We have found that there can be a few key driving forces in going green:
-Regulations, ordinances or other local requirements.
-Funding or investor requirement
-Corporate culture of owner, developer, design or construction team
-Desire for reduced operating costs and reduced resource consumption
There are global, national, state, and local green building programs.
The green building program that you select depends on the specific project goals you are pursuing, government regulations, or funding source requirements.
Florida Green Building Green certification programs exist to certify all different types of builidings including: local governments, land developments, high rise residential buildings, commercial building, multi-family buildings and single family residences.
As a general rule, all of the building programs address key categories such as energy efficiency, water efficiency, sustainable sites, indoor environmental quality, materials and resources. Each program requires achieving a minimum number of points in various categories to achieve certification. Each program is verified by a third party and is governed by committees and boards of directors. The programs vary in how credits are presented. Some are prescriptive and some are performance based certification point totals as well as membership and certification fees. Local and regional programs are also designed to address climate specifics and regional variations.
The Leadership in Energy and Environmental Design (LEED) Green Building Rating System™ is the set of green building standards created by the U.S. Green Building Council (USGBC) that are administered by the Green Building Certification Institutes (GBCI). The LEED programs have excellent brand recognition.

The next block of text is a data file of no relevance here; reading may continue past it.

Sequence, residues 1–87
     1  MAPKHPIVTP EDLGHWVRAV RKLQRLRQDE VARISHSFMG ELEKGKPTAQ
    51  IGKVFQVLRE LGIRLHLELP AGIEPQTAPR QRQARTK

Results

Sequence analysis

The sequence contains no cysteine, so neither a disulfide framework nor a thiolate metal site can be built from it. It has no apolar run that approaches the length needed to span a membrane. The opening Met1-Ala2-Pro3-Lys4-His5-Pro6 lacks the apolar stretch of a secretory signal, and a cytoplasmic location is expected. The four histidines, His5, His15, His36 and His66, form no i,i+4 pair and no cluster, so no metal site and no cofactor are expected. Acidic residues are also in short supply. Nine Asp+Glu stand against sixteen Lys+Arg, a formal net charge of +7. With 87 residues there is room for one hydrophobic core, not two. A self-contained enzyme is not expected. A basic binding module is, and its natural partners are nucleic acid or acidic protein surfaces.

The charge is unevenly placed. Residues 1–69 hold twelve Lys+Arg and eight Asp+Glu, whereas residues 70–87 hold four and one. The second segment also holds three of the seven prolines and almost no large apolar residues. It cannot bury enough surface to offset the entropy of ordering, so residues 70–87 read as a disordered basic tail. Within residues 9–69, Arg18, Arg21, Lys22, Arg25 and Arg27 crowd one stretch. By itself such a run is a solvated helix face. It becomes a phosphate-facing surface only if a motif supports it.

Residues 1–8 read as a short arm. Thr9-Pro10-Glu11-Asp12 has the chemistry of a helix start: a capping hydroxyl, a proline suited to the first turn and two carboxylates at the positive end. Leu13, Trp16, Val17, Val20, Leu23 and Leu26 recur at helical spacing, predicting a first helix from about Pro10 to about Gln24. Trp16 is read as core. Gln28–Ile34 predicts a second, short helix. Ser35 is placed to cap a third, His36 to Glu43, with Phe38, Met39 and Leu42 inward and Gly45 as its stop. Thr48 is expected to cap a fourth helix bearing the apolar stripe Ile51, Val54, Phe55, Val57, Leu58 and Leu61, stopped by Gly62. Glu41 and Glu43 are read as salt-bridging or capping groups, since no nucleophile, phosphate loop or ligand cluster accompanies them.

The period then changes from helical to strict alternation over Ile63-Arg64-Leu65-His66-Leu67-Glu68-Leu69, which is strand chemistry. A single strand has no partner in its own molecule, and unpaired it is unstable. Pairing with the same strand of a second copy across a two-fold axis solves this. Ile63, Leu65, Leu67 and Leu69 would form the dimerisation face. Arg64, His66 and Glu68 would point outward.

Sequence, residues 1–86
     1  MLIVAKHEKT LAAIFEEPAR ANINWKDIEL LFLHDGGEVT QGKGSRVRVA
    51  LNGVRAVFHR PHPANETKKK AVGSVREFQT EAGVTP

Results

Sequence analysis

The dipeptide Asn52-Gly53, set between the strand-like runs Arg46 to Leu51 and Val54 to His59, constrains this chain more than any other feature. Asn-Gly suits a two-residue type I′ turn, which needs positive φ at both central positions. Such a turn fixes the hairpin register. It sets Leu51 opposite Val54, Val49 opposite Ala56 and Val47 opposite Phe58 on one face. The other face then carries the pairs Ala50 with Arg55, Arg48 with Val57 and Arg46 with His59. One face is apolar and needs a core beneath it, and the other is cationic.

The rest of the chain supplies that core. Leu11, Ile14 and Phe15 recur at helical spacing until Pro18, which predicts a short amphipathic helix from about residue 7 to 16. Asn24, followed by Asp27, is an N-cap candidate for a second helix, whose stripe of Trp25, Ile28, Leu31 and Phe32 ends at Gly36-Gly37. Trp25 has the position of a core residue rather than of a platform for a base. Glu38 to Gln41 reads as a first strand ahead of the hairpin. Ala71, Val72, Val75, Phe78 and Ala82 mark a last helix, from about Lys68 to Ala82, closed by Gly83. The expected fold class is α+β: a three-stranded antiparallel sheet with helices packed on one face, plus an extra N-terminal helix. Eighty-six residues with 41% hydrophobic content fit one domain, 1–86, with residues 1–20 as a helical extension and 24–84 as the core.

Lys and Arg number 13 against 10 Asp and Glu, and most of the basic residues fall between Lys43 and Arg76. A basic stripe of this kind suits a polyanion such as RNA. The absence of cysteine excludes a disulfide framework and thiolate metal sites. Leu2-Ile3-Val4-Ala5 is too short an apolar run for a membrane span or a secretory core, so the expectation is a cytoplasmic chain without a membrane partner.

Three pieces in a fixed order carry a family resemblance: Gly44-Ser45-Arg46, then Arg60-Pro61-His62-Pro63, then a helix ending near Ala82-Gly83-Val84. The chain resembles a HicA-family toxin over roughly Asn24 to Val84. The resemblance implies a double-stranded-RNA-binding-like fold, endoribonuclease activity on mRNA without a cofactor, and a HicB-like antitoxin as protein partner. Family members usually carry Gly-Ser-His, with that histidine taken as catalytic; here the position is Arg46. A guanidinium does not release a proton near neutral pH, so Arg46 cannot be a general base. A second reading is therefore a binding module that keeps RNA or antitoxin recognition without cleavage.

Studies conducted by the GSA, Army Corp, and State and local governments vary in complexity and conclusions. LEED is a 110 point based system, while FGBC uses +/- 400 points depending on the standard. Green Globes uses 1000 points, and NGBS uses +/- 1500 depending on project specifics. In a recent comparison, each credit in each standard was compared to both LEED 2009 and LEED v4. This resulted in USGBC LEED and FGBC being equivalent. Green Globes was slightly more stringent and NGBS was significantly less stringent.
The phrase green building is used as both a noun and a verb. As a noun, green building represents a physical structure that exists as a result of environmentally friendly design and the construction process. As a verb, green building seeks to increase the efficiency of energy, water, and materials use in buildings, both residential and commercial, and to reduce their environmental and health impacts. Properly applied green standards can improve health, save energy and water, and reduce waste.
A green building is exactly what it sounds like: a building that has been made "green." This can apply to a residence or a commercial building. A green development consists of an entire project whether it is a residential community or a commercial development project. A residential development project, for instance, may be developed using "green building" practices that demand fewer non-renewable resources and provide a healthier environment for residents.